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XII No.8 - Sunday April 21 - Saturday May 4, 2013

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Update by Saichon Paewsoongnern

Who makes the best laab in Chiang Mai?

The Public Relations Department had the party booth, complete with not only men making laab but singers, drummers and even some dancing!

By Shana Kongmun
Well, that answer was given at the annual Laab Festival held pre-Songkran at Kad Suan Kaew. Overshadowed by Songkran this unique festival is organized by the Chiang Mai Reporters Club, the Tourism Authority of Thailand, and the Chiang Mai Provincial Office to promote Lanna laab and to give local organizations the chance to show off their laab making skills.

Not only is the making of the laab important but the presentation, as the elaborate arrangement of vegetables and herbs shown here.
The sounds of knives on the chopping block, mostly men, as it is apparently traditionally a man’s job to chop up the raw meat into mince for laab, and using two knives for maximum mincing effect. Laab, originally from Laos, is now widely popular not only throughout Isaan but Northern Thailand which has developed its own recipes that include a broader mix of herbs and spices and normally does not use the traditional lime juice as it is in Isaan. Laab can be made with chicken, pork, beef, duck, fish or mushrooms and most of the laab makers seemed to be using pork. In addition to meat, in the case of chicken or pork, the blood of the animal is used in Northern dishes.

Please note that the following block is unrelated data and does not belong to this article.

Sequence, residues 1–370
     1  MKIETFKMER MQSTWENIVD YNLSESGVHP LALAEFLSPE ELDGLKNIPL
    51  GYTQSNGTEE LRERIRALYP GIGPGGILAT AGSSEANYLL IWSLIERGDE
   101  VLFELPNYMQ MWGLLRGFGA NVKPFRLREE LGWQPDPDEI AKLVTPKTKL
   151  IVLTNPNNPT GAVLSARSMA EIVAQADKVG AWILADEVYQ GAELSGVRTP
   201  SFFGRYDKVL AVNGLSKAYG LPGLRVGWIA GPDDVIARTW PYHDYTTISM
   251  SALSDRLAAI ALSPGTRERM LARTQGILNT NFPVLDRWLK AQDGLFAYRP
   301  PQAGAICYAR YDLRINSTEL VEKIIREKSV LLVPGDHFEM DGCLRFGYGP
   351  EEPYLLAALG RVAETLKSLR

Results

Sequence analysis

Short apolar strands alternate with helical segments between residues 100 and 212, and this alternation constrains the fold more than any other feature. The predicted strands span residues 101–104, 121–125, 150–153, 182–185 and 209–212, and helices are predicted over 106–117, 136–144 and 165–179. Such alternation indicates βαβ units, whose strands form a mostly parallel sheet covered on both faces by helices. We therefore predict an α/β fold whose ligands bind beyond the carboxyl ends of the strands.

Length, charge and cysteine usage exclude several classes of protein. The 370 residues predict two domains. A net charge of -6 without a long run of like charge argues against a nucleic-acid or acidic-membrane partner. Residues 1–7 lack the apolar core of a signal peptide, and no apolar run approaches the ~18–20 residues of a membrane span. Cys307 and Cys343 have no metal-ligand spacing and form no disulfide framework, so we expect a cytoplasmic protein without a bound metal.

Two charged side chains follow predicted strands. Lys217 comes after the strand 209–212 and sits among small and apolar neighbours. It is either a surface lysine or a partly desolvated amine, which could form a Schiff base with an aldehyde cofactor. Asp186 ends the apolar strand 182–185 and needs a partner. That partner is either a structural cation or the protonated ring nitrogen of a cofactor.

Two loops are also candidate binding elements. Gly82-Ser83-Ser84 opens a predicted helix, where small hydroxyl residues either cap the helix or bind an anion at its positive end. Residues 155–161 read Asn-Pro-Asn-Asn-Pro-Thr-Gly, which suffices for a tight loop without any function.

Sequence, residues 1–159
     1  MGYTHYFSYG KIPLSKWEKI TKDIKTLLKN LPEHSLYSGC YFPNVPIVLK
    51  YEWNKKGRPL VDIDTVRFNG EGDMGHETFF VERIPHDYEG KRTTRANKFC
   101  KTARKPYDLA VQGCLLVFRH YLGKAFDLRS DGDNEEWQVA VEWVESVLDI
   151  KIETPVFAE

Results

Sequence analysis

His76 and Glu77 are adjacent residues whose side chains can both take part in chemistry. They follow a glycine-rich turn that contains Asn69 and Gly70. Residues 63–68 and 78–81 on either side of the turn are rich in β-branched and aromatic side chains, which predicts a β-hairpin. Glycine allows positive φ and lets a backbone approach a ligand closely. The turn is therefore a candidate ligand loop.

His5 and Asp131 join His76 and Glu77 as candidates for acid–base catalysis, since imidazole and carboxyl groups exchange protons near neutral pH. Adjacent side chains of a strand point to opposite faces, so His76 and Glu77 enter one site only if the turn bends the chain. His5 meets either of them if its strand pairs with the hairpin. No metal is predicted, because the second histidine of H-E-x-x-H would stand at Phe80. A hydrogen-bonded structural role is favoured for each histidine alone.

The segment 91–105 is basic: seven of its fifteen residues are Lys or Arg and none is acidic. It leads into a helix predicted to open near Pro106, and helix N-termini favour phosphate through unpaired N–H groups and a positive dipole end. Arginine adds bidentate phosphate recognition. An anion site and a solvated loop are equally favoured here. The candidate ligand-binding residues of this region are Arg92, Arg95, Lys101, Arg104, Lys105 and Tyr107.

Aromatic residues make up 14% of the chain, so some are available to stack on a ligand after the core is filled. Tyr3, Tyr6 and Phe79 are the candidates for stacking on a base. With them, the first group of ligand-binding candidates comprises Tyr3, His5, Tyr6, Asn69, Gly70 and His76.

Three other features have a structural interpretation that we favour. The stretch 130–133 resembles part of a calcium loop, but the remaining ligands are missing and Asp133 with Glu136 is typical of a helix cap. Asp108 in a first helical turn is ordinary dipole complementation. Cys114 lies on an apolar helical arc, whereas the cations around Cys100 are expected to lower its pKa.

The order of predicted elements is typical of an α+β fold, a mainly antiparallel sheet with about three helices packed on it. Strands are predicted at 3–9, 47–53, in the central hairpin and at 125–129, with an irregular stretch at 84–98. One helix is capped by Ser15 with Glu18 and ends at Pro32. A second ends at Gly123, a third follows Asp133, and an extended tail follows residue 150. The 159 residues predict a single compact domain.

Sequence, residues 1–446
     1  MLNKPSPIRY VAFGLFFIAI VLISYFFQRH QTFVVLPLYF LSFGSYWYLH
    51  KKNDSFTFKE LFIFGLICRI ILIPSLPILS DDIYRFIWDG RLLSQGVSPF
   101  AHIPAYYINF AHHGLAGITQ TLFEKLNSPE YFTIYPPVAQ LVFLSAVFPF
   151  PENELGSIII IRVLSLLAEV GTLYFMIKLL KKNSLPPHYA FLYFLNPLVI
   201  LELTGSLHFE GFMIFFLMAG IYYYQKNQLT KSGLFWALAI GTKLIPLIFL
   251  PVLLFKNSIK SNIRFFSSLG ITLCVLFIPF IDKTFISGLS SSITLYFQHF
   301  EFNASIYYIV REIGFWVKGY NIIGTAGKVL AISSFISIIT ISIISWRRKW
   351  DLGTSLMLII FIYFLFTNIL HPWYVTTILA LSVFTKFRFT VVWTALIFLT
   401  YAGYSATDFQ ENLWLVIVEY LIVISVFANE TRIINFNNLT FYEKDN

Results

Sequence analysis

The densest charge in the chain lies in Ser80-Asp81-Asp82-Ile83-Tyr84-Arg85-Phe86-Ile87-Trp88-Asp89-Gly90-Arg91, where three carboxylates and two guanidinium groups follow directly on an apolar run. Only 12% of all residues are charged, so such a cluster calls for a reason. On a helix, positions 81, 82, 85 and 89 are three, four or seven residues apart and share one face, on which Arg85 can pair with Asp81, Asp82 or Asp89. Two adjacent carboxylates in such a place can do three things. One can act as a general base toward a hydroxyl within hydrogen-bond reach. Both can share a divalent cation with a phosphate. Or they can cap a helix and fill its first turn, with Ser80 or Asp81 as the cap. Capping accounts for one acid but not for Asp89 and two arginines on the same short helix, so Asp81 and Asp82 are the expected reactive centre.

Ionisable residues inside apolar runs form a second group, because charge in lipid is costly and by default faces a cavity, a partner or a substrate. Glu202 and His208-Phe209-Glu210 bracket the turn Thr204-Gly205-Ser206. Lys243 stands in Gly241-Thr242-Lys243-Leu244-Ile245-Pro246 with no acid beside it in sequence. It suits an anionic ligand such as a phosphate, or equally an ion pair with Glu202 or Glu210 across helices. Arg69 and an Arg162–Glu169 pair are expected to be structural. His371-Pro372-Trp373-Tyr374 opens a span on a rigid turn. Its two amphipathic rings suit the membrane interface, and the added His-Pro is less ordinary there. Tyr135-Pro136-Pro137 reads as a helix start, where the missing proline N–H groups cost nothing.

The Professional Laab first place went to Laab Muang Phrao, 1st Runner Furama Hotel Chiang Mai and 2nd Runner to The Reporters Association Chiang Mai. The Amateur Laab contest winner was TV Channel 7 Chiang Mai, 1st Runner Chiang Mai Botanical Garden Mae Rim and 2nd Runner NBT Chiang Mai. There was also a beauty contest, with Wathida Chaisri taking the crown, and members of the public enjoyed testing the various laab recipes on display.

Wathida Chaisri won the beauty contest, Chonnikran Jivakanont placed first runner up, followed by Chonthida Teerasawat, Warisara Chailert and Kanokwan Kamthep. (Photo by Nopniwat Krailerg)

Lanna World Fest brings international music to Chiang Mai

Showcases Northern talent

Corry Denguemo (right) and Todd Thongdee join together in song to celebrate the Lanna life and to open the Lanna World Festival.

By Shana Kongmun
The Lanna World Festival’s motto “Open Lanna to the World, open the World to Lanna” celebrated the local, national and international colors that make up the “fabric of Lanna.” The Lanna World Festival not only featured Northern acts such as the Booja Drummers of Lampang, Northern Thailand’s own Lanna Commins and Chee Pakakayaw’s Karen music jamming together with Eed Bonglang Sa-On from Isan but also famed Luk Tung composer Luang Gai.